Monthly Archives: March 2019

Subject Access Request

Personal information collected from you by this form, is required to enable your request to be processed, this personal information will only be used in connection with the processing of this Subject Access Request.

The form is accessible here for download and printing purposes Subject Access Request Form

Subject Access Requests – Right of Access 

The right of access gives individuals the right to obtain a copy of any personal information that is held about them. An individual is only entitled to their own personal data, and not to information relating to other people (unless the information is also about them or they are acting on behalf of someone). Therefore, it is important that you establish whether the information requested falls within the definition of personal data.

In addition to a copy of their personal data, you also have to provide individuals with the following information

  • the purposes of your processing;
  • the categories of personal data concerned;
  • the recipients or categories of recipient you disclose the personal data to;
  • your retention period for storing the personal data or, where this is not possible, your criteria for determining how long you will store it;
  • the existence of their right to request rectification, erasure or restriction or to object to such processing;
  • the right to lodge a complaint with the ICO or another supervisory authority;
  • information about the source of the data, where it was not obtained directly from the individual;
  • the existence of automated decision-making (including profiling); and
  • the safeguards you provide if you transfer personal data to a third country or international organisation.
  • You may be providing much of this information already in your privacy notice.

 

Subject access requests can be made verbally or in writing. It is important that you verify the identity of the individual making the request before releasing any information. If a SAR is made by a third party/ on behalf of an individual it is particularly important to check that the person making the request has the appropriate authority to do so.

Subject Access Requests can now be made free of charge. In some circumstances you can refuse to comply with a SAR if you consider the request to be manifestly unfounded or excessive. If you consider this to be the case you can:

  • request a “reasonable fee” to deal with the request; or
  • refuse to deal with the request.

In either case you need to justify your decision.

For further guidance on Subject Access Requests please visit: https://ico.org.uk/for-organisations/guide-to-the-general-data-protection-regulation-gdpr/individual-rights/right-of-access/

Changes to the Diabetic Eye Screening Programme

Devon Diabetic Eye Screening Programme

From the 1st of April 2019, The Devon Diabetic Eye Screening Programme will be provided by Health Intelligence. Patients who use the Diabetic Eye Screening Service will be contacted to invite them in to their next screening appointment.

If you use this service, you do not need to take any specific actions.

Getting in Touch with the Devon Diabetic Eye Screening Programme

If patients have any questions about their screening appointment or screening in general, they can telephone the main Booking Office Monday to Friday 8:00am – 8:00pm (8:00am – 12noon on Saturdays) or Failsafe (9:00am – 5:00pm) if they have questions about their screening results on:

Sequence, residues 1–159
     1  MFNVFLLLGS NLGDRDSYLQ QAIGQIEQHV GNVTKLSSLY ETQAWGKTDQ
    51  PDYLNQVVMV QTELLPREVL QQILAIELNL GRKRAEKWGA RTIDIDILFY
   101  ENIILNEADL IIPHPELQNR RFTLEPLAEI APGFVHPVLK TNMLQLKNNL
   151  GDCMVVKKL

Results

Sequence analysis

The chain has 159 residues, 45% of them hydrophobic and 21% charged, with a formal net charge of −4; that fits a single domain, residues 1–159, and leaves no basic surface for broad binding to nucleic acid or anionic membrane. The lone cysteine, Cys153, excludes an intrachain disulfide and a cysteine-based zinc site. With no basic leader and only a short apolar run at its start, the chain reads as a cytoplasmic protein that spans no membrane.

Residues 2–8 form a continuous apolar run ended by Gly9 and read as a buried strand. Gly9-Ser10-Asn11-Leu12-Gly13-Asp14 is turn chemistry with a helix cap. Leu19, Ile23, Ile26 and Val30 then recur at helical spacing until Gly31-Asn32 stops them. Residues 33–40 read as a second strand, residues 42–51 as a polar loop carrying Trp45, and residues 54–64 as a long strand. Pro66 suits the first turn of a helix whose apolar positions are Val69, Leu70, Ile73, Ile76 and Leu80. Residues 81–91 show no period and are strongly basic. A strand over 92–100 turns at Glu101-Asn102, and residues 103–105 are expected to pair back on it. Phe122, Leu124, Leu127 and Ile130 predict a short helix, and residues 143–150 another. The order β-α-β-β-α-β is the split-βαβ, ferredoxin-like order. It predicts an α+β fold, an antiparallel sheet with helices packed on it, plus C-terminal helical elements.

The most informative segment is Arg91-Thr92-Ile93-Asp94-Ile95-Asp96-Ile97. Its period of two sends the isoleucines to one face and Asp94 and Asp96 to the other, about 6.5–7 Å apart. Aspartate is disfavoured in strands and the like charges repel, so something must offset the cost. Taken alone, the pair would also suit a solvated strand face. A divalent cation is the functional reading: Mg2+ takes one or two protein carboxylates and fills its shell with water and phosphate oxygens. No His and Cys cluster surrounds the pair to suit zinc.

Booking Office number: 01392 241000

Email: enquiries.devondesp@nhs.net

Failsafe number: 01392 241002

If you have any questions call 01392 241000 or check out the website www.devondesp.co.uk

GP’s Earnings 2017/18

All GP practices are required to declare the mean earnings (e.g. average pay) for GPs working to deliver NHS services to patients at each practice.

The average pay for GPs working in Pathfields Practice in the last financial year was £58,874 before tax and National Insurance. This is for 5 full time GPs, 7 part time GPs, and 2 locum GPs, who worked in the practice for more than six months.

Hay Fever 2019

Hay fever is caused by an allergy to pollen. The symptoms of hay fever are caused when a person has an allergic reaction to pollen. Common hay fever symptoms are:

  • a runny, itchy and/or blocked nose
  • sneezing
  • itchy eyes

Pollen is a fine powder released by plants as part of their reproductive cycle. Pollen contains proteins that can cause the nose, eyes, throat and sinuses to become swollen, irritated and inflamed.

How to treat hay fever

Many hay fever symptoms can be controlled with over-the-counter medication at your local pharmacy.

  • Steroid nasal sprays help to prevent or reduce inflammation in the lining of the nose and some can help to relieve watery eyes.
    Available from your local pharmacy.
  • Antihistamines help to relieve a runny nose, sneezing, itching and watery eyes. Some types of antihistamines make you drowsy and are best taken before bed. Newer antihistamines are less likely to make you drowsy and are a common choice for children and people with milder or occasional symptoms of hay fever.
    Available from your local pharmacy.
  • Decongestant nasal sprays and tablets are used to unblock the nose. They should never be taken for more than a few days at a time.
    Available from your local pharmacy.
  • Eye drops can be used to treat itchy or watery eyes.
    Available from your local pharmacy.

If none of the above treatments are effective for you, please book an appointment to discuss other treatments.

Useful Links

  • NHS – Hay fever
  • NHS – Find your local Pharmacy
  • Met Office – Pollen forecast